A subset greenhouse study was completed to evaluate the potential for use of CBNG production water to facilitate terrestrial carbon sequestration in the form of increases in sustainable soil organic matter (SOM), or geologic carbon sequestration in the form of calcium carbonate (CaCO3 ) precipitation in the soil. Plant species targeted was American bulrush (Schoenoplectus americanus), which was planted in controlled soil columns and managed under continuous CBNG product water irrigation for approximately 24 months. Soil total carbon (%) and CaCO3 (%) levels increased during the two-year study. Increases were similar in columns irrigated with either CBNG or non-CBNG product water. No correlation to water chemistry could be determined, substantiating that: 1) availability of additional water in water-limited environments such as the Powder River basin can facilitate some short-term carbon accumulation, and 2) species such as American bulrush appear to be generally insensitive to either CBNG product water quality or resulting near-saturated soil conditions under sustained irrigation and/or flooding. Likewise, soil carbon increases could not be correlated to increases in CaCO3. Recent literature suggests sampling to depths below 10 cm may result in a better total carbon budget in irrigated soils (Eshel et al., 2007). Literature also suggests carbon sequestration takes longer than 2 years, some estimates suggest 5-10 years, so continuing the project for more than two irrigation seasons may illustrate some trend in increase in soil carbon and CaCO3 levels.

A significant outcome of a subcontracted research component of this project has been the design, development, testing, and patenting of an onsite, mobile water treatment plant specific to the signature of PRB CBNG produced water (details are available at http://waterquality.montana.edu/docs/methane/cbm-wts.shtml). Drake Engineering’s water-treatment process is an outgrowth of the MSU project evaluating phytoremediation of CBNG produced water. Through a project subcontract, Drake Engineering designed and developed a prototype of a lab-tested fluid-bed resin exchange treatment system for removing sodium from CBNG produced water. The technology has since been patented, and efforts are underway to begin commercializing the process by field-testing it in PRB CBNG operations. Equipment leasing contracts already are being issued.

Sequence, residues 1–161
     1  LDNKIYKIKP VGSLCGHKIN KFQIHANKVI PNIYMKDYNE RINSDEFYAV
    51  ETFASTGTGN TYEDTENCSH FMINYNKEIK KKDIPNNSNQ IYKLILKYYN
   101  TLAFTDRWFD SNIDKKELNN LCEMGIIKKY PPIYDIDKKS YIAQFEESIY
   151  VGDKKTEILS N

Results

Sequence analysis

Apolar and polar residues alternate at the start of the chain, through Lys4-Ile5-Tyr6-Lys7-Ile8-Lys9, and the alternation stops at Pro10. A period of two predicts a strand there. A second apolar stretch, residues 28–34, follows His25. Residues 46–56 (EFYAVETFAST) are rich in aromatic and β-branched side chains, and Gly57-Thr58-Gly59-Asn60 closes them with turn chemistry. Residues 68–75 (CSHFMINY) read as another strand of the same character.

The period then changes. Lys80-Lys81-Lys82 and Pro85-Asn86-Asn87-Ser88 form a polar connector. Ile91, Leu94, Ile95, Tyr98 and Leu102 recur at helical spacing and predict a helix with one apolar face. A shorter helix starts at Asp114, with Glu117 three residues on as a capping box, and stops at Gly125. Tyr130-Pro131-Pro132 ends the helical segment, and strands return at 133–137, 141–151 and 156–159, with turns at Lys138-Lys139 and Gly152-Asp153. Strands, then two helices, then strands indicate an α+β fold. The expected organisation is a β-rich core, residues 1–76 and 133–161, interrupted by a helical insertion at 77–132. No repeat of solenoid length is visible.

In association with the Miles City office of the USDI-Bureau of Land Management, Nance Petroleum, Montana State University Department of Film and Television, a 28-minute documentary for public television was developed, highlighting the potential opportunities, land and water resource management issues, and solutions to environmental concerns. This objective, science-based documentary has been aired on local and regional public broadcasting networks and distributed to more than 600 watershed groups, land managers, industry representatives, and policy-makers. Additionally, a comprehensive “outcomes and impacts” assessment tool was developed, tested, implemented, and results summarized.